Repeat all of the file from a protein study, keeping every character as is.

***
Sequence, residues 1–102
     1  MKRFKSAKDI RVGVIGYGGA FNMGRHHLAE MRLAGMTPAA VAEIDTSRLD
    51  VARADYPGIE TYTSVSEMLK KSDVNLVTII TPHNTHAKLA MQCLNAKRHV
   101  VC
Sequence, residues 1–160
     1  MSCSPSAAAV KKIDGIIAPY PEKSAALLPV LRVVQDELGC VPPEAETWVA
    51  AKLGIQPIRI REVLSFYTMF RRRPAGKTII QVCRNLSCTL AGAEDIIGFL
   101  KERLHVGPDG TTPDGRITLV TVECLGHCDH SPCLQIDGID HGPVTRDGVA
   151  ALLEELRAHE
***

Sequence, residues 1–102
     1  MKRFKSAKDI RVGVIGYGGA FNMGRHHLAE MRLAGMTPAA VAEIDTSRLD
    51  VARADYPGIE TYTSVSEMLK KSDVNLVTII TPHNTHAKLA MQCLNAKRHV
   101  VC
Sequence, residues 1–160
     1  MSCSPSAAAV KKIDGIIAPY PEKSAALLPV LRVVQDELGC VPPEAETWVA
    51  AKLGIQPIRI REVLSFYTMF RRRPAGKTII QVCRNLSCTL AGAEDIIGFL
   101  KERLHVGPDG TTPDGRITLV TVECLGHCDH SPCLQIDGID HGPVTRDGVA
   151  ALLEELRAHE